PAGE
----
Worst of all is the division of the Arab world, which is increasing day by day: a political, social, religious and tribal split… We bitterly regret the latest chapter of this division, in which the Egyptian President severed diplomatic ties with Syria. This is exactly the opposite of what we have been we calling for in all our speeches and talks, I mean the Arab world’s unity: unity among Arab ranks, in Arab decisions and of the Arab position.
It is quite wicked to spread hatred, hostility, animosity and revenge, murder and spite among citizens of the same country and city, village and neighbourhood, family, school and place of worship.
Beloved! Our Church, as I just said, is widespread across our Arab countries and overseas. I see our most sacred duty as being to work to disseminate the ideas and tendencies of pastoral, religious and faith-based Gospel values to all countries everywhere. We have to stand together as a Greek Catholic Episcopal Lobby or pressure group to promote the ideas that I have set out at the Opening of this Holy Synod. This is a political act and a real sacred duty that we must carry out with courage and zeal, love and dedication, sincerity and competence. In this way we shall serve our homelands, communities, parishes, churches, communion and coexistence, citizenship, freedom and democracy.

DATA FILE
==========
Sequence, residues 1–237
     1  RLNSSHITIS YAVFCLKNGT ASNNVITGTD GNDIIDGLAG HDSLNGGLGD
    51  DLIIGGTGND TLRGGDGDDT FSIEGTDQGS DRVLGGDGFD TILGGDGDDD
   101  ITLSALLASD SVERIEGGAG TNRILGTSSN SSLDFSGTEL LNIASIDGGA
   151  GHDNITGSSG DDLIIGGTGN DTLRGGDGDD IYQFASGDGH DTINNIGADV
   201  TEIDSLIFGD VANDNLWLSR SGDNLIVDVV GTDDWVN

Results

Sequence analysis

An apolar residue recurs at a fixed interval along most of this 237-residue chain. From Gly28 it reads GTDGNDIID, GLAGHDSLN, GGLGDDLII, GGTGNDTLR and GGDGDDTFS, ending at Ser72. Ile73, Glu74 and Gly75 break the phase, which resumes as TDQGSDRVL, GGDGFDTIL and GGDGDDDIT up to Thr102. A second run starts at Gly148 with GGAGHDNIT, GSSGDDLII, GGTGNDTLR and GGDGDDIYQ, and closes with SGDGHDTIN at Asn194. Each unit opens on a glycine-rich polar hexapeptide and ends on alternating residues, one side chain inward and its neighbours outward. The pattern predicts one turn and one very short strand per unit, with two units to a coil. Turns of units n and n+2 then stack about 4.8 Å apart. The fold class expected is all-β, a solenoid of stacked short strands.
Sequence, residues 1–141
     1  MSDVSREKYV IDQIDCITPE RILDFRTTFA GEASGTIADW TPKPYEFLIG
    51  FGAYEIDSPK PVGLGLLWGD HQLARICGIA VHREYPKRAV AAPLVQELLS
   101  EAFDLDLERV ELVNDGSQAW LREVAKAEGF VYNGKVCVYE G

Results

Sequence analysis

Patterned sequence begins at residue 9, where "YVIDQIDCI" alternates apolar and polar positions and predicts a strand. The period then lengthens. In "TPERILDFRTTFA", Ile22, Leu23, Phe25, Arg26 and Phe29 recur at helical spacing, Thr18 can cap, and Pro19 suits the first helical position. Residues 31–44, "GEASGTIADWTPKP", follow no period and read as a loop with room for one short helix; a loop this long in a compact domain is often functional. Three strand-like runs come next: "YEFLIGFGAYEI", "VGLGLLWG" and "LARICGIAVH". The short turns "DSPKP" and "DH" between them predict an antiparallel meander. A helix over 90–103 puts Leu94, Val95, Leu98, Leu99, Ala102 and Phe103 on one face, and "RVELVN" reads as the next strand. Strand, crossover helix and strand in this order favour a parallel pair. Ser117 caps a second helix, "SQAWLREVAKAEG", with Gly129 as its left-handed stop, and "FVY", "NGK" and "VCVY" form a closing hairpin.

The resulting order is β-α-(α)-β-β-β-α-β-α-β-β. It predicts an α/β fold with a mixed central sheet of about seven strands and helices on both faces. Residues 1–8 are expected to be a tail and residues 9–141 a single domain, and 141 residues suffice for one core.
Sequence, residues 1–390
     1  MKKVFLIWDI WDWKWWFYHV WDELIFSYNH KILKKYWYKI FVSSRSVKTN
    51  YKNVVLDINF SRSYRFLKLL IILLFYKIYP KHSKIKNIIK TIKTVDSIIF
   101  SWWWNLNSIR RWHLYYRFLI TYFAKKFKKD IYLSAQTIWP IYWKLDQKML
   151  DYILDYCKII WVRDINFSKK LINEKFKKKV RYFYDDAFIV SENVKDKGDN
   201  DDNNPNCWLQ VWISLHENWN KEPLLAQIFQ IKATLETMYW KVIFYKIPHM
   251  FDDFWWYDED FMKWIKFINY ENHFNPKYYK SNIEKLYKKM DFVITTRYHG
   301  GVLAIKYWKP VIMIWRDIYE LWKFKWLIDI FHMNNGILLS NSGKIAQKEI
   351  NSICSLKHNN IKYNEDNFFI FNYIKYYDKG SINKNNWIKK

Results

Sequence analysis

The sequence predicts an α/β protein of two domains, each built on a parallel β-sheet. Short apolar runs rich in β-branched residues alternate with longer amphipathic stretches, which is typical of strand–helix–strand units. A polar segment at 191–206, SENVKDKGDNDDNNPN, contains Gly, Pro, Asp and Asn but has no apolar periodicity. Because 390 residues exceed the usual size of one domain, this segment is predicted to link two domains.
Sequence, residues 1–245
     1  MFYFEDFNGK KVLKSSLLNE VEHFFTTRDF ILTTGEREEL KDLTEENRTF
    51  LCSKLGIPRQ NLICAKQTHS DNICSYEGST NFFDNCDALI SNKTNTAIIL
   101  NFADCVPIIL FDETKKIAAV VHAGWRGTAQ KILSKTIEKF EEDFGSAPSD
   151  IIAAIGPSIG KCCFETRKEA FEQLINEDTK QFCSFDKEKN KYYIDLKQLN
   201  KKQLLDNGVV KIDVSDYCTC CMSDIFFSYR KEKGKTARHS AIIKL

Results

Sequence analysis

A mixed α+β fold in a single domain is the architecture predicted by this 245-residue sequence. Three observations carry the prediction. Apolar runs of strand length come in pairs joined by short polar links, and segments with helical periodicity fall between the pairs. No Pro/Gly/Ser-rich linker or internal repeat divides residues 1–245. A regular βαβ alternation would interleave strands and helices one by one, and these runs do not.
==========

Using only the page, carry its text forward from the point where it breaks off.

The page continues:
Today in Lebanon there is a real risk of political life being immobilized, which has repercussions right across Lebanon. Lebanon has entered the fire of the Syrian crisis. Real non-intervention in the Syrian crisis means unity in Lebanese internal affairs. Lebanon’s salvation lies in working only in its own national interest and in the interest of the rights of every individual and community.